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Like no other country of its size, Brazil has projected its character to the world through modern architecture – the government buildings and housing projects of Brasília, the skyscrapers along São Paulo’s broad Avenida Paulista, the pleasure palaces of Rio’s Sambódromo and Maracanã stadium. We think we know the look of Brazil. For all the beauty of Copacabana and the Amazon, Brazil in our imaginations is a built environment, one where International Style modernism was souped up with plunging curves, organic detailing, and lush greenery.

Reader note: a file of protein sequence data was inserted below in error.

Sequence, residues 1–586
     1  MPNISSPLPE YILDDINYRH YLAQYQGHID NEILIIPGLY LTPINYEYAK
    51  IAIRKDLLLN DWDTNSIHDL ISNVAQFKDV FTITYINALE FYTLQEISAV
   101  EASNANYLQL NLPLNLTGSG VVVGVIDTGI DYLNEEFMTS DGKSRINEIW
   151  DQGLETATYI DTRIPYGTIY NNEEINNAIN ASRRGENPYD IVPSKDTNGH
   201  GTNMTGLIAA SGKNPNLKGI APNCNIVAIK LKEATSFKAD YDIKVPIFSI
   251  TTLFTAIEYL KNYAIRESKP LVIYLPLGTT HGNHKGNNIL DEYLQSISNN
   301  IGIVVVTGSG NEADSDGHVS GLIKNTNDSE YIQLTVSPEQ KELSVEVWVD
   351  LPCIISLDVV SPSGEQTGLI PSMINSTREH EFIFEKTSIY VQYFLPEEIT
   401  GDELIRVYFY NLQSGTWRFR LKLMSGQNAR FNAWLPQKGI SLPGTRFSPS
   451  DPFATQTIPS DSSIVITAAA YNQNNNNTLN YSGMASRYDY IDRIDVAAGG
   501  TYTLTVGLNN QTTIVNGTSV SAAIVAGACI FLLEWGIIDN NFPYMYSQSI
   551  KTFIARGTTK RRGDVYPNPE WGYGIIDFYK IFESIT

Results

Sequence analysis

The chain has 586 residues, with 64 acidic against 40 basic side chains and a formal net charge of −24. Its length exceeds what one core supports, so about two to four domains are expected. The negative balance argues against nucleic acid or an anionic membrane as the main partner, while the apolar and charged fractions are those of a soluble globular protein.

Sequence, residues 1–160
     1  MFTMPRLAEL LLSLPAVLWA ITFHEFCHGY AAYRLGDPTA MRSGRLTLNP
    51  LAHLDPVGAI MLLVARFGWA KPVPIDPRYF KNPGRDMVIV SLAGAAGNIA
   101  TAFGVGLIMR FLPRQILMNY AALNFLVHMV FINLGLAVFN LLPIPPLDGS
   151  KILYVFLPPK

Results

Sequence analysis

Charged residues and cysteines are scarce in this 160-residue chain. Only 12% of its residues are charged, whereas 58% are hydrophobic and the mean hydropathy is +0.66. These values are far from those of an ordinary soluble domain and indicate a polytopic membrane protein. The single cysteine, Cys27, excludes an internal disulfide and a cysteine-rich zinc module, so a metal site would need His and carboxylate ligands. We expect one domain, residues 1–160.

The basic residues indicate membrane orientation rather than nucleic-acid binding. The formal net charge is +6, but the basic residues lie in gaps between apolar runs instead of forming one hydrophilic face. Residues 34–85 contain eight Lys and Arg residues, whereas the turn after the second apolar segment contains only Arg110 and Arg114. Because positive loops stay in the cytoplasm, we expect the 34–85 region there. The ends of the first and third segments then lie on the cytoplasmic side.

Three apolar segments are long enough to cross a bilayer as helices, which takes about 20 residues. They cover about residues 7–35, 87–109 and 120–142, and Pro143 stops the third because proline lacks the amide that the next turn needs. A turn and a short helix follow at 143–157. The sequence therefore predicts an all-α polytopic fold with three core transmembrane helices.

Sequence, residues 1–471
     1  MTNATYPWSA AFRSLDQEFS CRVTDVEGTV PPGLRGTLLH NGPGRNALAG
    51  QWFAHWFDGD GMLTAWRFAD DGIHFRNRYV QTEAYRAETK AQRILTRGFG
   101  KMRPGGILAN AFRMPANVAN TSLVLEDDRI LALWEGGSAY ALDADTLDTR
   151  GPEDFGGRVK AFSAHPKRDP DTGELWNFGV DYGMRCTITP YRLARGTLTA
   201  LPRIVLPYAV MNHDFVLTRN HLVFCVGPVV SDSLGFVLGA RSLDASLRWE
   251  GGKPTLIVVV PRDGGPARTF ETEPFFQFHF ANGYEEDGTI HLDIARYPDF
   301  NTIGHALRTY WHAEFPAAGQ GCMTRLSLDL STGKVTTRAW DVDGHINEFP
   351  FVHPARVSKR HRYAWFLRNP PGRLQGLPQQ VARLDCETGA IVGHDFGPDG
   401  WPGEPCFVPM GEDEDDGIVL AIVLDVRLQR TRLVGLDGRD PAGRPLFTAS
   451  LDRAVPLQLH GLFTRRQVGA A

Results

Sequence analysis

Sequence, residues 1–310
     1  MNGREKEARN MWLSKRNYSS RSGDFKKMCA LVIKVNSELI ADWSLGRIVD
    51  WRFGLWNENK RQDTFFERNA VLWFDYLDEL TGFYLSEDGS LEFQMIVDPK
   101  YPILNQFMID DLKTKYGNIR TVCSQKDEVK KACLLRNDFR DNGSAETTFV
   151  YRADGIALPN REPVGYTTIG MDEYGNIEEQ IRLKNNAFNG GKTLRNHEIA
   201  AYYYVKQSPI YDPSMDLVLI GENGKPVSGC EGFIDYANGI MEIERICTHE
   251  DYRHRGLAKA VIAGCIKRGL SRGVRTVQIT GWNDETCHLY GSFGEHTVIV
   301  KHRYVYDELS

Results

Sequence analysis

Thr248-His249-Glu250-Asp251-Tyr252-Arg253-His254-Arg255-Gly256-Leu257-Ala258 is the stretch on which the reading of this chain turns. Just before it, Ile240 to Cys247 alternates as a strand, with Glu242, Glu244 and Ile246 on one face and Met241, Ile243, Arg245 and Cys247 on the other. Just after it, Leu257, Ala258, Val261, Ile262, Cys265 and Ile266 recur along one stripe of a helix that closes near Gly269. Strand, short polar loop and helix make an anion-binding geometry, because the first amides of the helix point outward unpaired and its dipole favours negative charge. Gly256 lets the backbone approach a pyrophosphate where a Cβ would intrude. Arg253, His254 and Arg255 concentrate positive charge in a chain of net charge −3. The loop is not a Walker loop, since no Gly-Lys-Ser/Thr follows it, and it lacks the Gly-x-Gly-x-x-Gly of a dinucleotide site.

One woman in particular can help us expand our view not just of Brazil but of modern architecture at large. Lina Bo Bardi, an Italian-born architect with an uncommon commitment to building for society’s needs, was just getting her practice started when Lúcio Costa and Oscar Niemeyer began to adapt international modernism for local purposes. But while Brazilian architecture went through its utopian phase, Bo Bardi stood at a distance, constructing some of Brazil’s most incisive and successful buildings not just in the richer south of the country but in her beloved Bahia, in the culturally vibrant but economically disadvantaged north. She has been called “the most underrated architect of the 20th Century,” and in this centenary year of her birth, she is finally getting the broader attention she deserves.